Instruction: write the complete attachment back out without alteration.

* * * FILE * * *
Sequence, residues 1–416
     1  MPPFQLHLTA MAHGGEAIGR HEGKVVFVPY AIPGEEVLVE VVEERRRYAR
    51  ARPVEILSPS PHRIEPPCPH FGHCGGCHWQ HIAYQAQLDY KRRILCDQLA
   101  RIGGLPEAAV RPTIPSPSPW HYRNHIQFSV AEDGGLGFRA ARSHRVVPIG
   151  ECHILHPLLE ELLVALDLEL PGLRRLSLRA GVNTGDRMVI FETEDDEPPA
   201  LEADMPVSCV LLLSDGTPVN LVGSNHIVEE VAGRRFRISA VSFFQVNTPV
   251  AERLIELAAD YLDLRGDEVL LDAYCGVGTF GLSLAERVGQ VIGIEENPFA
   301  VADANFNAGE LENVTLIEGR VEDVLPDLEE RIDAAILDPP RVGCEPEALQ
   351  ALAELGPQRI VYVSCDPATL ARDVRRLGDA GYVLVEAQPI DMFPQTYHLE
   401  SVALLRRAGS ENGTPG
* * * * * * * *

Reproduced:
Sequence, residues 1–416
     1  MPPFQLHLTA MAHGGEAIGR HEGKVVFVPY AIPGEEVLVE VVEERRRYAR
    51  ARPVEILSPS PHRIEPPCPH FGHCGGCHWQ HIAYQAQLDY KRRILCDQLA
   101  RIGGLPEAAV RPTIPSPSPW HYRNHIQFSV AEDGGLGFRA ARSHRVVPIG
   151  ECHILHPLLE ELLVALDLEL PGLRRLSLRA GVNTGDRMVI FETEDDEPPA
   201  LEADMPVSCV LLLSDGTPVN LVGSNHIVEE VAGRRFRISA VSFFQVNTPV
   251  AERLIELAAD YLDLRGDEVL LDAYCGVGTF GLSLAERVGQ VIGIEENPFA
   301  VADANFNAGE LENVTLIEGR VEDVLPDLEE RIDAAILDPP RVGCEPEALQ
   351  ALAELGPQRI VYVSCDPATL ARDVRRLGDA GYVLVEAQPI DMFPQTYHLE
   401  SVALLRRAGS ENGTPG